Monday, January 14, 2013

The Fog

I quizzed myself over and again. I googled various versions. This new cough, its first spasm registered as I entered the van after exiting Agway, could it have been caused by the fog? I felt fine, but the dry cough increased throughout the day. My brother was visibly disturbed. He didn't shake my hand. There's flu fear going around. But the fog, could it be an irritant? Could it make someone cough?

After a bout of wheezing in the summer of 2009, I spent the next year with a smart-alecky (like me) pulmonary doctor. Spots on my lung's X-rays resulted in a year and a half under the radiological gun looking for obvious changes in size and location of those spots. I had no idea what brought it on. Was it the radon from a month's worth of steamy showers at a residency, or was it a year and a half of dirty, dusty, toxic fumes at work? Maybe I was allergic to cat dander, or maybe the general moldy disrepair of our wooden apartment building? I had no idea. And we still don't. On my last exam, a PET scan rendering my full body in three dimensional layers of flesh, muscle, fat, veins, organs, and bones, I was released from pulmonary care -I was clear.

Ever since, I've been more sensitive, succumbing more easily to sinus and bronchial infections than I could remember. My condition is not aided by working in a brew of sickness and infection we like to call college. After 2011 -a particularly bad year, I learned the fine arts of identifying sick students -Is that sweat on your brow, I've noticed you are still wearing your coat, so how do you feel? I've got into the habit of spraying down our computers, switches, and handles with a citric-based germicide. It takes several hours to beat the flu so students are always asking why the keyboards are sticky.

Students come to school sick as a matter of rote behavior. They anticipate that their professors will have low tolerance for their absence. They are probably right. Plus, they are behind on their work, probably close to failing. These are the ones that compromise the health of those less able to bounce back; they are the chronically unprepared.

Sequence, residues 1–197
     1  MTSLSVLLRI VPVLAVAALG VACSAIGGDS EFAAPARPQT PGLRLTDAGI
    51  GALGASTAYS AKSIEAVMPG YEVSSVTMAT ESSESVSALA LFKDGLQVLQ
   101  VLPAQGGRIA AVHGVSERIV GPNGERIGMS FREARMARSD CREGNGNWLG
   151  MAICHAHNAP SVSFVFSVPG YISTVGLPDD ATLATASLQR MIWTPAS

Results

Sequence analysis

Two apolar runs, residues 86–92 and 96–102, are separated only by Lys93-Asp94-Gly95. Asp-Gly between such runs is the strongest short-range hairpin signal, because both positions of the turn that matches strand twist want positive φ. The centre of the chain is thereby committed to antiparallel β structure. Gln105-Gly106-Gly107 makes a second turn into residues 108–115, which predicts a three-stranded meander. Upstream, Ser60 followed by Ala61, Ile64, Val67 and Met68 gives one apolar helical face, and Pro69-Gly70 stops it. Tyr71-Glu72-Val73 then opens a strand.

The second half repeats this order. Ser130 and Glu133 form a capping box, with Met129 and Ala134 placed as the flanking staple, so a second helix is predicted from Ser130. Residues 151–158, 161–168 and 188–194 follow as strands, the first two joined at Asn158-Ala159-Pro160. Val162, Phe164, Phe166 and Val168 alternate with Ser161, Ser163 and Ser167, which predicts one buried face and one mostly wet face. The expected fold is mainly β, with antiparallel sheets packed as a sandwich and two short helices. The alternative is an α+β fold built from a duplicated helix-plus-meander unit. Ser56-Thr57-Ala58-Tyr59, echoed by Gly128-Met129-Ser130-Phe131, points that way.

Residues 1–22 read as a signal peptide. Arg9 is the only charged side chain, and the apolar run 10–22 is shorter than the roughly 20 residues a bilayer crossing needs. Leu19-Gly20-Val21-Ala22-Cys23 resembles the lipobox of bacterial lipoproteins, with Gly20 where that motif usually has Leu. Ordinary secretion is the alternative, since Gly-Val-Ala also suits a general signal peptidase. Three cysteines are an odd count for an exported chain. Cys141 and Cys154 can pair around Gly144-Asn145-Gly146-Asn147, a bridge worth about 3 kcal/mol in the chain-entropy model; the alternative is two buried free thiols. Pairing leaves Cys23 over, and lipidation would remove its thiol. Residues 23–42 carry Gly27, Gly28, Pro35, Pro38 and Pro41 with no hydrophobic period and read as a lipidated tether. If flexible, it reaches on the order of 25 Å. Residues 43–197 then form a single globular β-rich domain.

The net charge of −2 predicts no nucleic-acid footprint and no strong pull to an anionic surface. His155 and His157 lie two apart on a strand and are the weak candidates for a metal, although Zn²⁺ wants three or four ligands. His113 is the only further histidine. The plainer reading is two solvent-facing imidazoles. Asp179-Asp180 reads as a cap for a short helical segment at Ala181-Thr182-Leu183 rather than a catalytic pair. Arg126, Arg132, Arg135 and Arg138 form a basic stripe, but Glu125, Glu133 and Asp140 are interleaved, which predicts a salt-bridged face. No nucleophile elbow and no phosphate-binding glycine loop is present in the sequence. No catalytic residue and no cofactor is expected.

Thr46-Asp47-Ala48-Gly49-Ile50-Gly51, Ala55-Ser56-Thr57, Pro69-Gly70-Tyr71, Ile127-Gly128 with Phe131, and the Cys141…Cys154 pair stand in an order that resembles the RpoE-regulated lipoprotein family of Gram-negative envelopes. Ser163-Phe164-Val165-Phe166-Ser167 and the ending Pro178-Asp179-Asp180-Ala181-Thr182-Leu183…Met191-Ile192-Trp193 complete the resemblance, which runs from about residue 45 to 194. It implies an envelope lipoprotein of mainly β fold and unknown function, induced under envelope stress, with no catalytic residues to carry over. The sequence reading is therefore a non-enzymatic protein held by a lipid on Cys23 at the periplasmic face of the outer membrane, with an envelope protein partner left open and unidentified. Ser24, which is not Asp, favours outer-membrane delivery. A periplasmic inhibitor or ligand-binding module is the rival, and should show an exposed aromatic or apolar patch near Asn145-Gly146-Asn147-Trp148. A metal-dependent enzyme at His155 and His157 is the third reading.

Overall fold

With less than a week before my exhibit in Providence, with work still to be done, I have had to accept today while plugging away half-heatedly, that at best I have a cold and at worst the flu.

I am very well aware of washing my hands, short of OCD. I've isolated myself in the studio since Thursday. I did what I could to not get sick and i felt great, until I didn't.

Was it the fuel pump at the gas station, the ATM, any number of interior door handles, the change from the lackluster coffee I bought or was it the cup, maybe it was that strange and needy friend who required sleeping on our couch last night because of something about vibrations in her Manhattan apartment building? I'll never know, and now it shouldn't matter, but I feel slightly better for the opportunity to express the confoundedness of getting sick out of thin air, or was it the fog.


7 comments:

  1. Poor Frank. I'm like you when I get sick, I go all CSI to find the probable cause. We now eat slices of raw ginger as a matter of course when flu goes around. I have no idea if it is effective. It feels effective.

    And of course everyone will tell you what to eat. So I'll zip my lips :-)I hope it does not last long...

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  2. Have to ask, did you get the flu shot?

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    1. Sarahh, I'll always be grateful that you brought me soup the last time I got the flu in January 1998. That was the worse ever.

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    2. If I were there now you'd get soup too. Feel better :(

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  3. Yuk. Narsty stuff being passed around.

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    1. You said it. Half the newscasters were out because of flu.

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